The family is ordained of God. Marriage between man and woman is essential to His eternal plan. Children are entitled to birth within the bonds of matrimony, and to be reared by a father and a mother who honor marital vows with complete fidelity. Happiness in family life is most likely to be achieved when founded upon the teachings of the Lord Jesus Christ. Successful marriages and families are established and maintained on principles of faith, prayer, repentance, forgiveness, respect, love, compassion, work, and wholesome recreational activities. By divine design, fathers are to preside over their families in love and righteousness and are responsible to provide the necessities of life and protection for their families. Mothers are primarily responsible for the nurture of their children. In these sacred responsibilities, fathers and mothers are obligated to help one another as equal partners. Disability, death, or other circumstances may necessitate individual adaptation. Extended families should lend support when needed.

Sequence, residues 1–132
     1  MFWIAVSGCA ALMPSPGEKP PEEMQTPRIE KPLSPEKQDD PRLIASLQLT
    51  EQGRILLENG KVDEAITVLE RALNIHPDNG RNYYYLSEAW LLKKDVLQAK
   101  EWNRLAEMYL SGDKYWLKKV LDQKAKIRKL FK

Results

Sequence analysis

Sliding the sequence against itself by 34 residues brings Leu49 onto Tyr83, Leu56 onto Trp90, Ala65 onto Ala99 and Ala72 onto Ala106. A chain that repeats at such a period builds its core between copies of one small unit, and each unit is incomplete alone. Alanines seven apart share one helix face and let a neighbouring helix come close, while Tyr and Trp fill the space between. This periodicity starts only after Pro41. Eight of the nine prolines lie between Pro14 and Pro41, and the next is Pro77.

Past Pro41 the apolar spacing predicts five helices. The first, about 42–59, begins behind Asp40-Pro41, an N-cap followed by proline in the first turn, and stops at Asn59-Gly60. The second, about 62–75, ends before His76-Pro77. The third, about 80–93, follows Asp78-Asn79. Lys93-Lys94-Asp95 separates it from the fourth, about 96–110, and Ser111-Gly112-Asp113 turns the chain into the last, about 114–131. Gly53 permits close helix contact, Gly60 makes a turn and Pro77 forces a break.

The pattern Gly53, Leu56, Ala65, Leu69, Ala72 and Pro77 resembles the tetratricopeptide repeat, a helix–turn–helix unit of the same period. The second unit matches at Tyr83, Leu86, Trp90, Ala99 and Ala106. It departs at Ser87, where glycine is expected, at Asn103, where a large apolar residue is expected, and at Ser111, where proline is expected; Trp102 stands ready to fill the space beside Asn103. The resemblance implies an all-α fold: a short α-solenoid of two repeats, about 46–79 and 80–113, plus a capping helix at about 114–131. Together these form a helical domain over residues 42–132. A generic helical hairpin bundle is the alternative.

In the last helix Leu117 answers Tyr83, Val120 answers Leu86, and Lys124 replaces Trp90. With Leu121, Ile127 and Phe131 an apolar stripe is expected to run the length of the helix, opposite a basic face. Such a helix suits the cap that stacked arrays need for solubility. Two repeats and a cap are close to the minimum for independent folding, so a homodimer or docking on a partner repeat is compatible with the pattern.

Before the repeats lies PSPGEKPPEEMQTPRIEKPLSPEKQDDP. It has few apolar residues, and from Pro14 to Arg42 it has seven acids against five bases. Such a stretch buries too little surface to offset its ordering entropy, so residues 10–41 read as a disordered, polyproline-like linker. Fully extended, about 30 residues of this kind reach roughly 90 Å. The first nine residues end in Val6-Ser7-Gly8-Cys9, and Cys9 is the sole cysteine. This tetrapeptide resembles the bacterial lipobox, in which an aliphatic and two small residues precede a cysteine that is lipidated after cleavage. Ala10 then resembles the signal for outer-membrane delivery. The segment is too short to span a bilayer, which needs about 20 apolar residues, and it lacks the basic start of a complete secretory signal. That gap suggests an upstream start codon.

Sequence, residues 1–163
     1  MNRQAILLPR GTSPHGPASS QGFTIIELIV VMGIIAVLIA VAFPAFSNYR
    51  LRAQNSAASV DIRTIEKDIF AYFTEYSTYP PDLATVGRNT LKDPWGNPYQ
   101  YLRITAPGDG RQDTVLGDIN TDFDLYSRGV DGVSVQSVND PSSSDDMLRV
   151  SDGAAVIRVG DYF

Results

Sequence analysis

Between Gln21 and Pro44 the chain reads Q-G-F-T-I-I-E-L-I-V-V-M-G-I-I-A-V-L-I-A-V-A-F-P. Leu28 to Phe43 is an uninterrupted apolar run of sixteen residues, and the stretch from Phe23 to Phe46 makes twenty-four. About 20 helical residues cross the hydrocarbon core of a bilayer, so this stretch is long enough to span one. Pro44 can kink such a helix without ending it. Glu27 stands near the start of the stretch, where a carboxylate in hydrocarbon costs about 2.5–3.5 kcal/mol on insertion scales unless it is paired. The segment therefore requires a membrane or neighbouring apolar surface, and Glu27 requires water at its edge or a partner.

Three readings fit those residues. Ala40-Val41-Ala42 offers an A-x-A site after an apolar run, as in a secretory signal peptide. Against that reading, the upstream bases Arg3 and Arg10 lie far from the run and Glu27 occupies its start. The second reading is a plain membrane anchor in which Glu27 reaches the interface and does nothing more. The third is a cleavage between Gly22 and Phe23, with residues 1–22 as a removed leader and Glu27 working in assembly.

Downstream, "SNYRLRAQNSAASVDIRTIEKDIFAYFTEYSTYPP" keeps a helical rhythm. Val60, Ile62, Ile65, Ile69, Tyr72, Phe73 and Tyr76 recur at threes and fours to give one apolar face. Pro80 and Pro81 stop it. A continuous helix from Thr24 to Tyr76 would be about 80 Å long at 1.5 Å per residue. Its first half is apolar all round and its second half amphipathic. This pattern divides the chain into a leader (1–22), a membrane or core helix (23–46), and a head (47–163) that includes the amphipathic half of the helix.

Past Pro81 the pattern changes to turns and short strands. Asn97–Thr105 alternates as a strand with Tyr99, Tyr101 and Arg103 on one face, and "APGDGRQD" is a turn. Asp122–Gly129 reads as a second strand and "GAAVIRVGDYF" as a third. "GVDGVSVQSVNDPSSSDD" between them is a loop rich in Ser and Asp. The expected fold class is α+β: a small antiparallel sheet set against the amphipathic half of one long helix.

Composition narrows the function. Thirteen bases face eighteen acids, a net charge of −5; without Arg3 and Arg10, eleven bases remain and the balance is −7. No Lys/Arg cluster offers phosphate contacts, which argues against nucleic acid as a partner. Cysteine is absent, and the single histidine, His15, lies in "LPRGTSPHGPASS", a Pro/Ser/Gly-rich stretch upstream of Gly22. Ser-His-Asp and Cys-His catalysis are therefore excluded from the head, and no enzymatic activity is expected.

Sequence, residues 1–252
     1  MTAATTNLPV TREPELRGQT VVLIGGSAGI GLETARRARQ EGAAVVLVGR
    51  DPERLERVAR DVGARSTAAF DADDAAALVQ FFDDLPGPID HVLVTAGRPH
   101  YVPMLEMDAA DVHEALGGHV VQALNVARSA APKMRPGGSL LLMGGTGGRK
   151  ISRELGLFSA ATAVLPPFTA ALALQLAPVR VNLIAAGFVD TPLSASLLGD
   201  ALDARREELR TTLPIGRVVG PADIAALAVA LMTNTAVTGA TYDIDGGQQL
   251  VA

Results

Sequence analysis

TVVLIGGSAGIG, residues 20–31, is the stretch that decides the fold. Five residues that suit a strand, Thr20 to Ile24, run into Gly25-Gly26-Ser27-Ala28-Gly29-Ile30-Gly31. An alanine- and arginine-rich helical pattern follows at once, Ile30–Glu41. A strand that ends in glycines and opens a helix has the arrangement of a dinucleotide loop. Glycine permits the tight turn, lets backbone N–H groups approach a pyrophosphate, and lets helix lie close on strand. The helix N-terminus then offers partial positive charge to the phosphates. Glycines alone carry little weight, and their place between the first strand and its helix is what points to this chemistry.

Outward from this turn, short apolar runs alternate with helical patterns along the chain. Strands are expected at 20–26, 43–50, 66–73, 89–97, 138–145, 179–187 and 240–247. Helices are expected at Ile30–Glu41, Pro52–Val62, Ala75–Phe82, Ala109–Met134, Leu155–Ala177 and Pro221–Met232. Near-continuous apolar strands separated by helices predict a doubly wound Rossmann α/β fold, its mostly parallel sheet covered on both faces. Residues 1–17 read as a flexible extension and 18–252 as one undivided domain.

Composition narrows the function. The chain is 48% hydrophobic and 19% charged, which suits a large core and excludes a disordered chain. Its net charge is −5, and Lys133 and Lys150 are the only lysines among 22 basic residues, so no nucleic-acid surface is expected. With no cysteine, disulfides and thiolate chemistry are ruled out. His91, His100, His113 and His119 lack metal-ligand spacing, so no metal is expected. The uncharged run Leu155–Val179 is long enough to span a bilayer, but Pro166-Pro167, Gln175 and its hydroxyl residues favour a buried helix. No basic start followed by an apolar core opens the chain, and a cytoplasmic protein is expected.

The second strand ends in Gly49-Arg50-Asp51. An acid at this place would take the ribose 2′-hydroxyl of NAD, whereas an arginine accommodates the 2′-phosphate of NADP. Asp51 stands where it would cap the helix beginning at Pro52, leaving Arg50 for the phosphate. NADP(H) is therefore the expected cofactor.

The strength and firmness of how that sentiment is expressed will hopefully give you an idea of how central and vital this principle is. If the family as described above is ordained of God, then anything else is a perversion of God's divine plan and thus is not sanctioned or allowed under His law. It is immoral. I am not saying that a woman whose husband is killed or vice versa and now has to raise their family as a single parent is immoral. They were doing their best to follow God's law and circumstances changed. I am referring to people who intentionally twist what God has commanded. This is why the church strongly discourages single women from becoming pregnant by any means, sexual or not, and discourages single men and women from adopting. Those children are entitled to both a father and a mother which perversions cannot offer. Gay marriage would certainly fall under this. The document goes on to explain a bit more about why we oppose such things so vehemently: